For example, there’s a woman in the book named Ching Shih, who was a pirate lord in China. In terms of sheer numbers, she’s the most successful pirate of all time. And when I put her on my list, my editor sort of balked at that. She was like, “Piracy’s not really a great thing. It’s not a victimless crime.” Which is totally fair! But we talk about Blackbeard. We talk about a lot of dude pirates, and we give them that sort of swashbuckling glamour, so why can’t we also talk about lady pirates in the same way?

Part of the reason I really like historical fiction, as opposed to nonfiction, is that nonfiction tends to be very broad and generalized. We forget about life and history as an individual lived experience. Looking at statistics about the world today, we know because we’re living it that there is so much variability in that experience. For example, if we talk about being queer. Being queer is going to be different depending on where you are, and who you are, and what your socioeconomic status, and what your race is. We recognize that variability about life today, but we don’t always account for that variability in history. Instead, we make these sweeping, generalized statements. With this book, I wanted to really highlight that idea of history as an individual lived experience.

Marykate: I noticed that we often don’t know how many of these women died, or about the ends of their lives. Why do you think that is?

Mackenzi: It’s like that quote: “For most of history, anonymous was a woman.” Men have been the gatekeepers of history for a long time, and often these stories of women have to be unearthed from small mentions of them in men’s stories. They’re not recorded in their entirety like men’s history. So I think a lot of it has to do with who gets to tell these stories.

And Twitter and social media, as terrible as they sometimes are, have given a voice to a lot of people who have previously been voiceless because of different facets of their identity. And so hopefully, as the people who are getting to tell these narratives change, we find more diverse stories in our historical narrative, and we find more complete stories, instead of just women being footnotes in somebody else’s story.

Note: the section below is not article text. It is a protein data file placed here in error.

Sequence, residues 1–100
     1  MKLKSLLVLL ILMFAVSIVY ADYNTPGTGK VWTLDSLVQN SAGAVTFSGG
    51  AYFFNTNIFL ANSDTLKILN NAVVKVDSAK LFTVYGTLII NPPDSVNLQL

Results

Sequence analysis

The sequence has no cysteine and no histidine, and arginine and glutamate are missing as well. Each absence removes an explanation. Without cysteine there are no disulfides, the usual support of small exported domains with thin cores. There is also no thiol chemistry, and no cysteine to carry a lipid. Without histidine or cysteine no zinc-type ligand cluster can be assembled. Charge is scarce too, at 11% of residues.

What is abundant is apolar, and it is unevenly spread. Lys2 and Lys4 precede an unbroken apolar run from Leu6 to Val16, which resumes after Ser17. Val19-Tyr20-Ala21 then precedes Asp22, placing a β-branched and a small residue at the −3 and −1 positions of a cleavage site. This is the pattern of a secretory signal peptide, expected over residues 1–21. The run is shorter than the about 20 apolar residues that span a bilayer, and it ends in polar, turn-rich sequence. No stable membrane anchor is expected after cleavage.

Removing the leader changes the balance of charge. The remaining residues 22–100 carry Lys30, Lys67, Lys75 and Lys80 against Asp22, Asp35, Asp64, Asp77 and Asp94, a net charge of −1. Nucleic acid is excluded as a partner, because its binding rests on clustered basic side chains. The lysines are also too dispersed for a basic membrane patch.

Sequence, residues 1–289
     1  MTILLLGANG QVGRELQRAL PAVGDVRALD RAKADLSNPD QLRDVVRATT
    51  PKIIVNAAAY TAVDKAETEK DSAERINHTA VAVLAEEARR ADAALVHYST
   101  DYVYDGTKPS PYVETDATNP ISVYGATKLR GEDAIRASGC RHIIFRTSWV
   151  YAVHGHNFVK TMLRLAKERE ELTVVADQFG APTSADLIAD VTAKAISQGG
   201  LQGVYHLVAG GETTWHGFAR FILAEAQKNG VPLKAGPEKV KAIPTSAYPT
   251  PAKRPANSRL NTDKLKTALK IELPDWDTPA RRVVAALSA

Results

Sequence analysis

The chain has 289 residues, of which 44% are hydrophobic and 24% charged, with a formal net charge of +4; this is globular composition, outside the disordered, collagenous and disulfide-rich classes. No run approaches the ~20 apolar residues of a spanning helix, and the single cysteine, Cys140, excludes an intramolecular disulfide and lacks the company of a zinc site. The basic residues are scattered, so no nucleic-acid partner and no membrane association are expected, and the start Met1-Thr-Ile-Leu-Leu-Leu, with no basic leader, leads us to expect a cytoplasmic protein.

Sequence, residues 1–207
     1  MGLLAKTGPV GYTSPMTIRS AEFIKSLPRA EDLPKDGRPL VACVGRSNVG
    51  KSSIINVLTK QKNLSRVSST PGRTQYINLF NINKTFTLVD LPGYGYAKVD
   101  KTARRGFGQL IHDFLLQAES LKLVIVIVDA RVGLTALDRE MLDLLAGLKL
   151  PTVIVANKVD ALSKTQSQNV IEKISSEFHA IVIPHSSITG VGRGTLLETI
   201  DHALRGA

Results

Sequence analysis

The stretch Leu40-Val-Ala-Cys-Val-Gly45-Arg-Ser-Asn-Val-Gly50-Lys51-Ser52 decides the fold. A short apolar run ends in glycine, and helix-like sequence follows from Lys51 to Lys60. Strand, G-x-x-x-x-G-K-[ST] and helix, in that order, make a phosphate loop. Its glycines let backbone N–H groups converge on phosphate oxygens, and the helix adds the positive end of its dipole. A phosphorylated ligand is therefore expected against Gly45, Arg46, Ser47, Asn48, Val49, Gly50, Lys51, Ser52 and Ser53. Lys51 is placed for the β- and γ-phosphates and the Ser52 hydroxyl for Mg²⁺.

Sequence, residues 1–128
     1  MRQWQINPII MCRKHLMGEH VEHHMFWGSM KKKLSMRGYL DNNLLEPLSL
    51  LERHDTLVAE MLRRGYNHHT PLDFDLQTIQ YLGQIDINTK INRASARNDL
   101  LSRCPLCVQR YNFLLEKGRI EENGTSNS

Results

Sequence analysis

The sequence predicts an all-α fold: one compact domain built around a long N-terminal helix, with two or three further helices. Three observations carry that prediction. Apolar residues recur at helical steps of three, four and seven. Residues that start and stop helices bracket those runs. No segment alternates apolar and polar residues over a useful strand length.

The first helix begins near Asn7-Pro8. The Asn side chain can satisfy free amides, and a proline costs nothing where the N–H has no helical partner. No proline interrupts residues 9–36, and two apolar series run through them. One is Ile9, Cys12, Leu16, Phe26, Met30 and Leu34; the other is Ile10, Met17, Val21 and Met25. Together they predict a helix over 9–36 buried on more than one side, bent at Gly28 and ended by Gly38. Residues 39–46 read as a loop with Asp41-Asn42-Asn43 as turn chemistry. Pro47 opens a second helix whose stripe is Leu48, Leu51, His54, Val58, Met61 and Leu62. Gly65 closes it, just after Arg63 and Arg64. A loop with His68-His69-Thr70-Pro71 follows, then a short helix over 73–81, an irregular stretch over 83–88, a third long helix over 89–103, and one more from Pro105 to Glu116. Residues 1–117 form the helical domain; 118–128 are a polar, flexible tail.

Marykate: In addition, some of these women were actively written out of the historical record by the successors. Do you have any cool stories about how historians go about rediscovering these women?

Mackenzi: Oh, I know my favorite one! I write young adult fiction, like I said, and I think teenage girls are the most amazing group of humans, and I think they’re also the first people to be discarded and dismissed by society. But teenage girls are amazing, and teenage girls rule the world, and they are so smart and thoughtful. So this is my favorite story, because it involves teenage girls.

One of the stories in the book is a woman named Irena Sendler, who was a nurse in Warsaw during the Nazi occupation there. And because she worked for the Social Welfare Department, she was one of the few people who was allowed to go into the Jewish ghetto. She used this position of privilege to smuggle thousands and thousands of children out of the Jewish ghetto and place them with families across Europe. She was imprisoned multiple times; she was tortured by the Nazis; she was literally being walked to her execution when she was rescued; and then after she was rescued, she took maybe a week to recuperate and then immediately got back to work. She was an unstoppable force for good in the bleak hellscape of Nazi-occupied Poland.

And her story got almost completely erased when the anti-Semitic Communist Party took over in Poland. She was actually imprisoned again, and her story was totally erased. But she was re-discovered in 1999 by three teenage girls in rural Kansas, who were doing a project for National History Day. They found this one line in a newspaper article, about how Irena Sendler “saved many children and adults from the Warsaw Ghetto.” And their teacher said, “We should look into this. It might be a typo, because I’ve never heard of this woman before, and we can’t find anything else about her.” So they started investigating this story, and they’re really the ones who brought her story back into the public knowledge. They went and visited with her multiple times in Poland. And right before she died, she was nominated for the Nobel Peace Prize.